The fate of thousands of customers whose lifetime savings are locked up remains uncertain, as some directors of the distressed companies are said to have gone into hiding.
Out of 347 licensed companies, only 319 were in good standing, having fully complied with BoG regulations.
There are currently about 50 microfinance companies that are struggling to meet their liabilities to depositors.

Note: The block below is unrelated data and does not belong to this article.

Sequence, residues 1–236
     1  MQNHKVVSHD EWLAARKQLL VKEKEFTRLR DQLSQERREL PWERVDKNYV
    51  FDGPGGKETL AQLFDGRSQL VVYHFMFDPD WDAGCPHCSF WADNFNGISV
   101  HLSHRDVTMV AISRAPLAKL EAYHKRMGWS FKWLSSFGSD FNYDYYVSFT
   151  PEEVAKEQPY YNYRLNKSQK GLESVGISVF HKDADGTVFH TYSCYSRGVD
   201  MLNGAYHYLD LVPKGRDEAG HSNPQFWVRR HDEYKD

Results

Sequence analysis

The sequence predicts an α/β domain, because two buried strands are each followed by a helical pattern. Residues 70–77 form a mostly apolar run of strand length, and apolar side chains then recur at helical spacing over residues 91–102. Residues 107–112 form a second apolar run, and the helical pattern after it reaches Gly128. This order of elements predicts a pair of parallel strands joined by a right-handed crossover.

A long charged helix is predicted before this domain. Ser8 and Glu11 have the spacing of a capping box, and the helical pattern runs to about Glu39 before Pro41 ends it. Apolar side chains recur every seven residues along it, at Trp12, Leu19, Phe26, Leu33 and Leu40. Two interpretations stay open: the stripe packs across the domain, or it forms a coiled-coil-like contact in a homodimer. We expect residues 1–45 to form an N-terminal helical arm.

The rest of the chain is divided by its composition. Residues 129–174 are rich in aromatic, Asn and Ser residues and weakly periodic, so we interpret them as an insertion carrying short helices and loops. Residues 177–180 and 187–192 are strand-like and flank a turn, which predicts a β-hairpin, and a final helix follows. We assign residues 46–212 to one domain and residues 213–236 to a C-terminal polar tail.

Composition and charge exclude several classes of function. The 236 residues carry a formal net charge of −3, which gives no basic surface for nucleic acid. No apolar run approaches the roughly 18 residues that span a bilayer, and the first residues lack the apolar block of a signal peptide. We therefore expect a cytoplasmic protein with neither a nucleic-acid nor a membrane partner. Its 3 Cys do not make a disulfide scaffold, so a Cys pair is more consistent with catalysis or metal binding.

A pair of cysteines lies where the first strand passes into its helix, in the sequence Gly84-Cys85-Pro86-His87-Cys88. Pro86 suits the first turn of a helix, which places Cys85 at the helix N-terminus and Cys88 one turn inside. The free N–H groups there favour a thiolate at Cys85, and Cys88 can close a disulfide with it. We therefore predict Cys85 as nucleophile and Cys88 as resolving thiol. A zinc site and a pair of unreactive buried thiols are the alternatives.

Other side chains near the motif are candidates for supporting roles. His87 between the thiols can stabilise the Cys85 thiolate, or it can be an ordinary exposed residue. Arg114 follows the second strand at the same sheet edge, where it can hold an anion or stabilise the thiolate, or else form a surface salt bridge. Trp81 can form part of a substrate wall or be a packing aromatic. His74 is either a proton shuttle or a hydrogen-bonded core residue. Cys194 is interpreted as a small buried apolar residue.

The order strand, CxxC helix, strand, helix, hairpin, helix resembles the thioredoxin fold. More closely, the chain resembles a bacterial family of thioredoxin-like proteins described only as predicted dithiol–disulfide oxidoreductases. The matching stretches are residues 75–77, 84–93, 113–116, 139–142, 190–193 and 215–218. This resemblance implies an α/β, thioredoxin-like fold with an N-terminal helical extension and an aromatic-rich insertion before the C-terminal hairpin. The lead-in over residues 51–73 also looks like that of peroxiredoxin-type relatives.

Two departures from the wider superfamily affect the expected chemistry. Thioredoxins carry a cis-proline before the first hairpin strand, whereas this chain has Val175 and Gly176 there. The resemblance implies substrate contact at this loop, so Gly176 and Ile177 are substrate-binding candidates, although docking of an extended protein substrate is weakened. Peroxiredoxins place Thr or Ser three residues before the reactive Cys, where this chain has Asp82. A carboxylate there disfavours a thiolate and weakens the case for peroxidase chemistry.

Checks confirm that several assets management and insurance companies had heavily invested in those distressed microfinance companies, a situation which had triggered the Securities and Exchange Commission (SEC) to initiate investigations.
Meanwhile, the BoG has ordered some of the microfinance companies to shut down, while others have been asked to cease taking deposits from customers.
There are yet others that have been requested by the bank to reduce the number of their offices, while the highly distressed ones have been referred to EOCO for further investigations and prosecution.